2.7. Western Blot. Western blotting was performed as previously described [36]. Briefly, the cortical regions of the brains were collected and homogenized. The samples were centrifuged at 1000 g for 10 min at 4[degrees]C. The supernatant was further centrifuged, and the protein content was measured using a detergent-compatible protein assay kit (Bio-Rad, Hercules, CA, USA). Equal quantities of protein (40 [micro]g) from each samples were resuspended in loading buffer, denatured at 95[degrees]C for 5 min, and loaded into the walls of the sodium dodecyl sulfate polyacrylamide gel electrophoresis. After electrophoresis, the protein was transferred onto polyvinylidene fluoride membranes. The membranes were blocked with nonfat dry milk buffer for 2 h and subsequently incubated overnight at 4[degrees]C with the following primary antibodies: LC3 (1: 1000, Cell Signaling Technology CST#4108), Beclin-1 (1 : 1000, Abcam ab62557), p62 (1: 1000, Abcam ab56416), and [beta]-actin (1: 2000, Santa Cruz SC-47778). The membranes were processed using the appropriate secondary antibodies (1 : 5000) for 1 h at room temperature. The protein band densities were detected using X-ray film, and the densitometric signals were quantified using ImageJ software (NIH, Bethesda, MD, USA).

2.8. TUNEL and Immunofluorescence Staining. The rats were sacrificed at 48 h after TBI induction in deep anesthesia and perfused intracardially with 0.1 mmol PBS (pH, 7.4) and 4% paraformaldehyde (pH, 7.4). The brains were then removed and immersed in the same perfusate at 4[degrees]C for 72 h and then dehydrated with 30% sucrose solution until they sank to the bottom (about 2 days). Coronal sections ([micro]) were collected from the right hemisphere. The brain sections were incubated with 10% normal goat serum and 0.3% Triton X-100 to prevent nonspecific binding for 1 h at room temperature. Then the sections were incubated at 4[degrees]C overnight with the primary antibodies: NeuN (1 : 250, Millipore MAB377) or LC3 (1:200, Cell Signaling Technology CST#4108). After washing with 0.01 mmol PBS several times, the sections were incubated with the secondary antibodies for 2 h at 4[degrees]C in the dark. A TUNEL staining kit (In Situ Cell Death Detection Kit, Fluorescein, Roche, Switzerland) was used to analyze apoptotic cell death. The brain sections were incubated with TUNEL reaction mixture (90 min) at 37[degrees]C. After washing with PBS again, the sections were mounted onto slides with Fluoroshield[TM] with DAPI (Sigma-Aldrich, St. Louis, MO, USA). Immunostaining was observed using a fluorescent microscope (Olympus, Tokyo, Japan). The total number of NeuN-positive, LC3-positive, or TUNEL-positive cells were counted in three different slices per animal around the lesion area or in the CA1 and CA3 regions of the ipsilateral hippocampus by an independent observer.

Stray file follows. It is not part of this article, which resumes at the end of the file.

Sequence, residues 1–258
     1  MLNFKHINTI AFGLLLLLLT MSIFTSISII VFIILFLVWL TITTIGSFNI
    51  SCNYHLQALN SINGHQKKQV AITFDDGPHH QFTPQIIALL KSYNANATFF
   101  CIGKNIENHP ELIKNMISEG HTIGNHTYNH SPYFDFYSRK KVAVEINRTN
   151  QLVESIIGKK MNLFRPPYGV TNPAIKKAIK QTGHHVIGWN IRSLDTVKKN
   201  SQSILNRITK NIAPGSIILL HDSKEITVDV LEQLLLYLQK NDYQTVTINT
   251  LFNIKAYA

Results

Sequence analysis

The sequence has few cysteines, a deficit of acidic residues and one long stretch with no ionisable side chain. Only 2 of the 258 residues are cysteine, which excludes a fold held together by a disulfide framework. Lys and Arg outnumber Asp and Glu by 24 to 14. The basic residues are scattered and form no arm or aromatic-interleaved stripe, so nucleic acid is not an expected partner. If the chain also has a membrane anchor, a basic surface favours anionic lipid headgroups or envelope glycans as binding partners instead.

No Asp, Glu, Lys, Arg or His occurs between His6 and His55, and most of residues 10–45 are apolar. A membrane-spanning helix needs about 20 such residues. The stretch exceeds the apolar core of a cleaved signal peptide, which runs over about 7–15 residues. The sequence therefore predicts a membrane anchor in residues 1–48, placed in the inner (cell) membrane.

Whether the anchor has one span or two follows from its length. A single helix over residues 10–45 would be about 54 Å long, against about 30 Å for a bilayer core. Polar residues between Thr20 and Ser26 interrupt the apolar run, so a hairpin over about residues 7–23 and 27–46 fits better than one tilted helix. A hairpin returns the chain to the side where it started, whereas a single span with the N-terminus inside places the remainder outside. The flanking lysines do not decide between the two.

2.9. Propidium Iodide (PI) Labeling. At 5 h after TBI induction, PI (10mg/mL; Sigma-Aldrich, St. Louis, MO, USA) was diluted in normal saline and injected to rats intraperitoneally at a dose of 30 mg/kg. After 1 h, the rats were sacrificed and perfused intracardially with 0.1 mmol PBS (pH, 7.4) and 4% paraformaldehyde (pH, 7.4). Then the brains were removed and immersed in 4% paraformaldehyde for 72 h. After dehydrated with 30% sucrose solution, coronal sections (7 [micro]m) were collected from the right hemisphere and PI-positive cells were quantitated around the lesion area or in the CA1 region from 200x cortical fields in three brain sections per rats. The counting task was also done by an independent observer.